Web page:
A Lot or a Little?
What you will—and won't—find in this TV show.
The show's protagonist lies his way into his current profession and generally gets away with it, treating people poorly in the process; not a great message to send to viewers.
Positive Role Models
The town may be full of kooky characters, but most are well-meaning and many are open-minded about people who are "different".
Violence & Scariness
Some not-terribly-graphic fighting, verbal descriptions of death and dismemberment (played for laughs), a character is shown falling from a bridge and presumed dead.
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Words like "ass," "bitch," "homo," and "hard-on" are used. S--t, f--king, and c--k are spoken but bleeped.
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Products & Purchases
A few conspicuous car company logos, nothing too over the top.
Drinking, Drugs & Smoking
Characters are seen drinking and smoking pot.
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Parents Need to Know
Parents need to know that Impastor doesn't bother hiding any of its off-color humor behind a proverbial fig leaf -- this could almost pass for a comedy on FX or Comedy Central, if it weren't for its slightly cheesy TV Land tone. Questions may be raised about religion and sexual orientation as the main character is posing as a gay pastor (but also declares flat out that he doesn't believe in God). There are graphic verbal descriptions of violence from cops and henchmen alike, but most of the onscreen violence is fairly mild stuff. There are drug references, scenes featuring drinking, and no shortage of crude language -- words like ass, bitch, and hard-on are par for the course, while stronger swears are bleeped. A character has sexual relations (not shown) with a cantaloupe.
Is It Any Good?
TV Land is definitely flirting with edgier material than usual with Impastor, and it's mostly a swing and a hit -- with just a few misses. Michael Rosenbaum, Smallville's Lex Luthor, goes Lutheran in this dark comedy. He's clearly relishing the chance to flex his comedic muscles and do something unexpected and it's no wonder: the man spent a decade playing a supervillain. He's a solid talent with a smarmy yet likable charm, but the show does him a disservice at times with humor that's just a little too on-the-nose. Things work best when Impastor backs off the intrusive narration and tacky musical cues and just lets Rosenbaum do his thing. The cast, which also includes Sara Rue (Less Than Perfect, Rules of Engagement, Mircea Monroe (Hart of Dixie), Aimee Garcia (Dexter), and David Rasche (Sledgehammer, Veep) has good chemistry, even if some of the plotlines they get entagled in are a bit over the top.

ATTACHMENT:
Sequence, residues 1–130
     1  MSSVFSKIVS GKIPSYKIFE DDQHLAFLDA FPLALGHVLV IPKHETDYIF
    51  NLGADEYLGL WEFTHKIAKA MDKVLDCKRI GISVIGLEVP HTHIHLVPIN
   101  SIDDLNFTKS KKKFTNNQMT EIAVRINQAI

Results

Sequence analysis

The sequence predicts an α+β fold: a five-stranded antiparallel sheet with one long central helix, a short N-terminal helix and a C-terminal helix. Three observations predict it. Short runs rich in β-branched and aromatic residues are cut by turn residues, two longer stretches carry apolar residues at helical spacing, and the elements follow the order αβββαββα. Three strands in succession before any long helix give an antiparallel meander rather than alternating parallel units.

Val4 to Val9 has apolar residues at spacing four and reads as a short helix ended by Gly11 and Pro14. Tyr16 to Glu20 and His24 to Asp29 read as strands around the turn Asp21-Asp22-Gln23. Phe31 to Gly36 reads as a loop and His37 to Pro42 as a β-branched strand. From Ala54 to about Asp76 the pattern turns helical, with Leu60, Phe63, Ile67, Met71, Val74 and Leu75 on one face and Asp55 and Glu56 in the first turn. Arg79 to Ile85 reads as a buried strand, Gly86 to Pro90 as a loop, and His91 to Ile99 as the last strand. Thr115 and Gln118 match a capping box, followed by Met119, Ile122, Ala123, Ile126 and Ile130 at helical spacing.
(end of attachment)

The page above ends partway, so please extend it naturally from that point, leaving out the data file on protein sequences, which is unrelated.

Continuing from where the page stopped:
There's a lot of potential here, as the lead character seems to have an innate talent at helping people in spite of himself, making you root for him even though you should really be repulsed at his often-terrible life choices. If the show can drop some of the more formulaic overtones and let the subversive stuff shine through a bit more, Impastor has the potential to stay afloat just like Noah's Ark.
Did we miss something on diversity?
Research shows a connection between kids' healthy self-esteem and positive portrayals in media. That's why we've added a new "Diverse Representations" section to our reviews that will be rolling out on an ongoing basis. You can help us help kids by suggesting a diversity update.